Truck unions’ monopoly affects cement business in Khrew

Truck unions’ monopoly affects cement business in Khrew

Khrew: Twenty-three kilometers from Srinagar, Khrew hosts around seven cement factories. As per the data provided by these cement factories, more than 70 percent of workforce is from local population and the transportation of cement is also carried out by trucks owned by locals.
Two truck unions are working in this locality, which own more than 1200 trucks, have seized all the transportation of ferrying cement to other parts of state. According to an estimate, one out of five households in Khew and Khanmoh owns a truck and are directly dealing with factories. As a matter of fact, these truck unions don’t allow outsiders to operate in the area, as they fear that it will affect their livelihood. Moreover, these unions have their own rules and regulations like fixing the prices and dealing with the dealers directly.
While locals and activists protest against the pollution caused by cement factories, it can be observed that both are complaisant in this problem by directly having business ties with these factories.
“Yes, we want employment as cement factories are using our resources, but we also want safe and secure life which is above everything,” said a local employee working in JK Cement.
While truck unions have direct dealings with factories, they are more concerned about their business interests and least bothered about the pollution problem. “These factories provided us livelihood and why should I protest against them. It is like axing on my own hands,” said a local truck driver, Mohammad Ramzan.
“These unions have monopoly in the area and prices for transportation are fixed by them,” said TCI MAX General Manager, Sheikh Mushtaq. “Hundred trucks operate daily from our plant and ferry cement to other parts of valley. Trucks indirectly earn revenue from us and they have to be regulated.”
TCI cement has 338 total employees and 186 are employed from local population. “When it comes to employment opportunities, we give preference to locals,” Mushtaq said.
Dealers from Srinagar, Baramulla and Anantnag said that these unions charge more than what is fixed by the government. “The normal charge from transportation from Khew to Srinagar is Rs 4500 but they charge Rs 7000-8000 which is immoral and hurts our business,” said a dealer from Srinagar, Abdul Majeed.
President of Zaffron truck union, Fayaz Ahmad, accepted that they have monopoly in the area. “Because these are our resources and we won’t allow outsiders to take our trucking business,” he said.
JK cements, owned by state government, have 584 employees and out of which 366 are locals. Around 46 trucks operate daily from this plant operated by Zaffron truck union. Javaid Ahamd, general manager of JK Cements said that we have nothing to do how theses tucks operate. “It is not our business to see how much they charge. It is government who should set the rates and see their working.” He however stressed that truck unions manipulate the prices of transportation, which indirectly affects the prices of cement.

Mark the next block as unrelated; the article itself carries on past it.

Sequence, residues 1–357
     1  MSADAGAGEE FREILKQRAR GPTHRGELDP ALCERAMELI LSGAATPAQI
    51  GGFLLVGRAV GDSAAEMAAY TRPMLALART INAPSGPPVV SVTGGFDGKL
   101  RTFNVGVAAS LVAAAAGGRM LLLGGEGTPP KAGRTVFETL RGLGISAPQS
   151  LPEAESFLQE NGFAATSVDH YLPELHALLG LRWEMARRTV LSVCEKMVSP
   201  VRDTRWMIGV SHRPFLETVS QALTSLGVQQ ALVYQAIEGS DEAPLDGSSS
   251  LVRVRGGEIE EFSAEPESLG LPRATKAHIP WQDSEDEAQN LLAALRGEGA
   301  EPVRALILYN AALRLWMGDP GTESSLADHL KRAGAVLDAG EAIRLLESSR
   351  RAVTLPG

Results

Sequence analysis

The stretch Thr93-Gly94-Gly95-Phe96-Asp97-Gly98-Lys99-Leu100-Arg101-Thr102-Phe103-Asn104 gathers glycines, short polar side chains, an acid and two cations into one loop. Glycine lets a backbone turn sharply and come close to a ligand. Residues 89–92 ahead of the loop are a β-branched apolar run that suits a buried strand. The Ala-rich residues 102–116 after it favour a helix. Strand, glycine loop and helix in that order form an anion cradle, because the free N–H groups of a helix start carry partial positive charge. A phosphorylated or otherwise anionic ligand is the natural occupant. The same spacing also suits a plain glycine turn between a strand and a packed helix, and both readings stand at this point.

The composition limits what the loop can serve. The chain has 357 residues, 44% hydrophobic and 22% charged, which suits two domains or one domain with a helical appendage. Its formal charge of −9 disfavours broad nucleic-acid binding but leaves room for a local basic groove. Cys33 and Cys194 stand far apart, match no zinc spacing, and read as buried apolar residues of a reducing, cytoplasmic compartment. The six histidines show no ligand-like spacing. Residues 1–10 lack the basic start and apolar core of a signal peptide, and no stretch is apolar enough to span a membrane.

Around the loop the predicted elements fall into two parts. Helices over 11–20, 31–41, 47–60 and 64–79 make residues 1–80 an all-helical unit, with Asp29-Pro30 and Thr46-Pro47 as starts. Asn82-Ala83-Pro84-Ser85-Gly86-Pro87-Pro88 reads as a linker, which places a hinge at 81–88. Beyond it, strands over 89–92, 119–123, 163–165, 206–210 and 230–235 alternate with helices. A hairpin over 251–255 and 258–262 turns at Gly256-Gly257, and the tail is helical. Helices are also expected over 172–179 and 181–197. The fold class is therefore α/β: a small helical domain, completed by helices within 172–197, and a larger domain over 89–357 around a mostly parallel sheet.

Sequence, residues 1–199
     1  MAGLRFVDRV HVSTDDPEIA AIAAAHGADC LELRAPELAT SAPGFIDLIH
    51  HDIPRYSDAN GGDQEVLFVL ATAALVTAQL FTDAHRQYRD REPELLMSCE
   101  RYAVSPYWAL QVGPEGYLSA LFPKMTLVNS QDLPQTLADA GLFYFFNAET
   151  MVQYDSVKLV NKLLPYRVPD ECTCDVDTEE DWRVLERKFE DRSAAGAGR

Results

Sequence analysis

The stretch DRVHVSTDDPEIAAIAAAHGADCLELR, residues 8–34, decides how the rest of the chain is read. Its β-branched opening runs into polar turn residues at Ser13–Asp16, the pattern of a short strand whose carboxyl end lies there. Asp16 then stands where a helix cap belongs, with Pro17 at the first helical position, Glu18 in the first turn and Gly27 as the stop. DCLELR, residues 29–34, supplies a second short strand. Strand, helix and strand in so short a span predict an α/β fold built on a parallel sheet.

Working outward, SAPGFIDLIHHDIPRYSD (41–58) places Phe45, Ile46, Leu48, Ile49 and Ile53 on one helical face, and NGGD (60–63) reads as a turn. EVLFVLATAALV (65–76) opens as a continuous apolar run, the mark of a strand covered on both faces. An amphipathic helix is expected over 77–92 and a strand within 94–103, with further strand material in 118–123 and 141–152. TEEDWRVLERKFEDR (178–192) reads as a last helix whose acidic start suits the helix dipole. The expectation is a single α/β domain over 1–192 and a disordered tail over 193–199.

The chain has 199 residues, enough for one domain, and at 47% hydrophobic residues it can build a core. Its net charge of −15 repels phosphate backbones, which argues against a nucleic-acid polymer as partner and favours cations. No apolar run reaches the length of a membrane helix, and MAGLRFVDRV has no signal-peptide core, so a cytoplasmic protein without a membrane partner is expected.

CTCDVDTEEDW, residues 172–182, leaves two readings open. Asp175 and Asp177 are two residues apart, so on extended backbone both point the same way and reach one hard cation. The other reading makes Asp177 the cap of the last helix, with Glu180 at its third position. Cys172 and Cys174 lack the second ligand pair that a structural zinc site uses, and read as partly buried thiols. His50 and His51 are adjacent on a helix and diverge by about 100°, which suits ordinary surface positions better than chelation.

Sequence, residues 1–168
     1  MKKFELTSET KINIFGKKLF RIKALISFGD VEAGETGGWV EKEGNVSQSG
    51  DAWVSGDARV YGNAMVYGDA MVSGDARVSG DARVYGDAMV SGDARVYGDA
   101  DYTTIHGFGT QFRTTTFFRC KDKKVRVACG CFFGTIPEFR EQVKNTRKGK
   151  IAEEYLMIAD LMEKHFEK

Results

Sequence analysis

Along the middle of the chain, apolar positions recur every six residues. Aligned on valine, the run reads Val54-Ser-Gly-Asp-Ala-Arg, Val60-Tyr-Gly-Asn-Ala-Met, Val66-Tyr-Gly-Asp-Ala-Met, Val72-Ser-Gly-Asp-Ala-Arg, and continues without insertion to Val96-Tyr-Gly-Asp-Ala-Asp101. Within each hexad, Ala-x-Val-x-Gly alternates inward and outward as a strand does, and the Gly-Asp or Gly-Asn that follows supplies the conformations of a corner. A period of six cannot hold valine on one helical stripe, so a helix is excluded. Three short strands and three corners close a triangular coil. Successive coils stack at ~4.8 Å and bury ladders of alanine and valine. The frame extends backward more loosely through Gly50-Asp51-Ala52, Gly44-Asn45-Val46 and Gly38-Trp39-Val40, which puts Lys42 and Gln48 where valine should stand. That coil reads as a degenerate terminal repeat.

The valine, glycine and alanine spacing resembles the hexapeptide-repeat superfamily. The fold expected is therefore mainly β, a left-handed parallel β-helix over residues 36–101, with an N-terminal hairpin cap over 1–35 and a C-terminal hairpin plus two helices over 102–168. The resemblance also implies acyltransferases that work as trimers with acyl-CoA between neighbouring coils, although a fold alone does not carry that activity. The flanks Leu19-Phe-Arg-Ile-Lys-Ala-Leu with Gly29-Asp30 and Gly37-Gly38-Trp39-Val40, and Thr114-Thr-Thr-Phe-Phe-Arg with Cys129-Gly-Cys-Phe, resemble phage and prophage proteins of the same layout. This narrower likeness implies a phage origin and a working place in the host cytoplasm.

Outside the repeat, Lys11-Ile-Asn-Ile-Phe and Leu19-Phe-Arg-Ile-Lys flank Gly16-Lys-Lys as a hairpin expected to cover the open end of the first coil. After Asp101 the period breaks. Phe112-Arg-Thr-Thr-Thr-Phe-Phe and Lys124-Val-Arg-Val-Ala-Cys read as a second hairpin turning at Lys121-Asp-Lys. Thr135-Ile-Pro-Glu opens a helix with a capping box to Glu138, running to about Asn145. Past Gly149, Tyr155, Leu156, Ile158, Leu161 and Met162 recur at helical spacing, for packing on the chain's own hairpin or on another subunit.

Khyber Cements located in Khanmoh is a big cement plant where more than hundred of trucks transport cement daily to other parts of valley. More than 70 percent of employees are from local population. Saifco Cements located in the same vicinity also hire trucks from these unions.  While these unions have upper hand in fixing the prices for transportation, officials from these factories said it is unjust that these truck unions sabotage the business by fixing their own prices and on the other hand dealers are left to pay more for transportation which lowers their profits.
The government recently regulated the prices upon the intervention from dealers and cement factories. But the unions went on strike and prices were set according to the demands from these unions.
As truck unions have taken all the transportation business in the region, the dealers complain that trucks should be regulated and prices should be set according to rates set by government.
“When cement factories can earn in millions, we are dependent upon them. We have our own demands. These factories promise us better roads, better water, better electricity but nothing was fulfilled. They cheated us. How can they say we have upper hand in this business? We are only charging what is just,” said president of Zaffron Truck union, Fayaz Ahmad.
While more than 500 hundred trucks operate everyday in Khew and Khamonh, raising huge amount of dust and noise pollution, locals complain that apart from pollution from cement factories, trucks are another cause of pollution which affects their health. “My son has cough and irritation in the eyes from a year now. Doctors said it is because of dust,” said Riyaz Najar, a local resident.
Meanwhile, cement factories pay huge amount of taxes to government, but least development can be witnessed in the region. Roads are damaged and electricity is uneven. “Government is least bothered to develop this area. We need better roads as hundreds of trucks run every day from these roads. Our window panes are covered with dust particles and even our utensils,” said a local, Imran Ahmad.
“People and activists are always protesting against the cement factories while they least know that these factories are vital for state economy. We generate employment and pay taxes to government. Our plant is well equipped with pollution control devices. We have spent 25 crores on pollution control devices. People are unaware about it,” said TCI’s Mushtaq.
As truck unions earn huge revenue from cement factories, they are least bothered about the big issues and have domination in the region. Therefore, who is to be blamed for the pollution in the region? Locals, who work for cement factories, or factories, which employs them.